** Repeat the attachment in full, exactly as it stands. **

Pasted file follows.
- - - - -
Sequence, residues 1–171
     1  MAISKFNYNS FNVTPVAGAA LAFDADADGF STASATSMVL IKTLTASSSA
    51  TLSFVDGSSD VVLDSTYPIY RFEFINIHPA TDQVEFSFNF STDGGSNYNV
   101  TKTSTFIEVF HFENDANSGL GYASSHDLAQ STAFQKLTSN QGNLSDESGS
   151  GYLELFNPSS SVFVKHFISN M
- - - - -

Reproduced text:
Sequence, residues 1–171
     1  MAISKFNYNS FNVTPVAGAA LAFDADADGF STASATSMVL IKTLTASSSA
    51  TLSFVDGSSD VVLDSTYPIY RFEFINIHPA TDQVEFSFNF STDGGSNYNV
   101  TKTSTFIEVF HFENDANSGL GYASSHDLAQ STAFQKLTSN QGNLSDESGS
   151  GYLELFNPSS SVFVKHFISN M